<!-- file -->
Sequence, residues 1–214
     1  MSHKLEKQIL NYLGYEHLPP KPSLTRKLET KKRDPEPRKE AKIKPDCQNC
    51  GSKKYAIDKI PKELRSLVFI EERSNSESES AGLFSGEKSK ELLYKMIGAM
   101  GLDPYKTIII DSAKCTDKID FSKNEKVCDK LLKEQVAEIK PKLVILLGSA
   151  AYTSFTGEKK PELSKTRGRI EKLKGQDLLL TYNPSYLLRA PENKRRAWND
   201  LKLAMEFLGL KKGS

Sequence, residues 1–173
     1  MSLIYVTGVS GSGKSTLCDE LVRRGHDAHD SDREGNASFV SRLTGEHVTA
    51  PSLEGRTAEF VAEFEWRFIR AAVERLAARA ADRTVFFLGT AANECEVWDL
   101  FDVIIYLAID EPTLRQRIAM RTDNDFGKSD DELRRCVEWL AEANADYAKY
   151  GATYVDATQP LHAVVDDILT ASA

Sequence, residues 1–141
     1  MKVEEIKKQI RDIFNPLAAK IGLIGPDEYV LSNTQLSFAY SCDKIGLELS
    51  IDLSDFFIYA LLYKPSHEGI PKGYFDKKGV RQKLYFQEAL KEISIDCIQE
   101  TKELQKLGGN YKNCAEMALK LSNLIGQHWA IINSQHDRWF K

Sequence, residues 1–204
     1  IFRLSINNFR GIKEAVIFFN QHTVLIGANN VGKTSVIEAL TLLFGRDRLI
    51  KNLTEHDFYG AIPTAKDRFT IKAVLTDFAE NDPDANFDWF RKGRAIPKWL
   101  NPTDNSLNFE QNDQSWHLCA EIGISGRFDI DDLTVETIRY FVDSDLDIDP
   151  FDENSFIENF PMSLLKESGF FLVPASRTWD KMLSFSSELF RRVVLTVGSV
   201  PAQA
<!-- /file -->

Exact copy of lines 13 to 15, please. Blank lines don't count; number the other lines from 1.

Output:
     1  MKVEEIKKQI RDIFNPLAAK IGLIGPDEYV LSNTQLSFAY SCDKIGLELS
    51  IDLSDFFIYA LLYKPSHEGI PKGYFDKKGV RQKLYFQEAL KEISIDCIQE
   101  TKELQKLGGN YKNCAEMALK LSNLIGQHWA IINSQHDRWF K